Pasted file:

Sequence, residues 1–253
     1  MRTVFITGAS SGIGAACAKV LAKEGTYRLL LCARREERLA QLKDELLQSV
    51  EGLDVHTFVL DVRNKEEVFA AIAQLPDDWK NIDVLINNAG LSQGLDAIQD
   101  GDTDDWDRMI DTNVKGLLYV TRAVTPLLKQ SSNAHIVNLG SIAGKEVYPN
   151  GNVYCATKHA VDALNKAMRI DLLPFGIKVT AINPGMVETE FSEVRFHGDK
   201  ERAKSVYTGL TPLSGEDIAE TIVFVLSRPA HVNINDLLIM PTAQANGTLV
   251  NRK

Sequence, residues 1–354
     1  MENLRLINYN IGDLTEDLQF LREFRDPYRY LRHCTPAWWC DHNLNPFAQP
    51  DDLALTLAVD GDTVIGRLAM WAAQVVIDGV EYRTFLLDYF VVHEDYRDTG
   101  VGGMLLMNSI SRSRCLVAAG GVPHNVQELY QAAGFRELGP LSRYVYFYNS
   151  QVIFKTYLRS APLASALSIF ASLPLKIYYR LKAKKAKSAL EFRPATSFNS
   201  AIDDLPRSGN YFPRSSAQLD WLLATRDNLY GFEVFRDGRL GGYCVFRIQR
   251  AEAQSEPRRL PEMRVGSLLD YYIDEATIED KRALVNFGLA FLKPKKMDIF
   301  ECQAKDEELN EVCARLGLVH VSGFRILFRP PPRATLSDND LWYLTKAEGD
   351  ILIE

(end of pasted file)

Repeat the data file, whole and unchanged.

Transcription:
Sequence, residues 1–253
     1  MRTVFITGAS SGIGAACAKV LAKEGTYRLL LCARREERLA QLKDELLQSV
    51  EGLDVHTFVL DVRNKEEVFA AIAQLPDDWK NIDVLINNAG LSQGLDAIQD
   101  GDTDDWDRMI DTNVKGLLYV TRAVTPLLKQ SSNAHIVNLG SIAGKEVYPN
   151  GNVYCATKHA VDALNKAMRI DLLPFGIKVT AINPGMVETE FSEVRFHGDK
   201  ERAKSVYTGL TPLSGEDIAE TIVFVLSRPA HVNINDLLIM PTAQANGTLV
   251  NRK

Sequence, residues 1–354
     1  MENLRLINYN IGDLTEDLQF LREFRDPYRY LRHCTPAWWC DHNLNPFAQP
    51  DDLALTLAVD GDTVIGRLAM WAAQVVIDGV EYRTFLLDYF VVHEDYRDTG
   101  VGGMLLMNSI SRSRCLVAAG GVPHNVQELY QAAGFRELGP LSRYVYFYNS
   151  QVIFKTYLRS APLASALSIF ASLPLKIYYR LKAKKAKSAL EFRPATSFNS
   201  AIDDLPRSGN YFPRSSAQLD WLLATRDNLY GFEVFRDGRL GGYCVFRIQR
   251  AEAQSEPRRL PEMRVGSLLD YYIDEATIED KRALVNFGLA FLKPKKMDIF
   301  ECQAKDEELN EVCARLGLVH VSGFRILFRP PPRATLSDND LWYLTKAEGD
   351  ILIE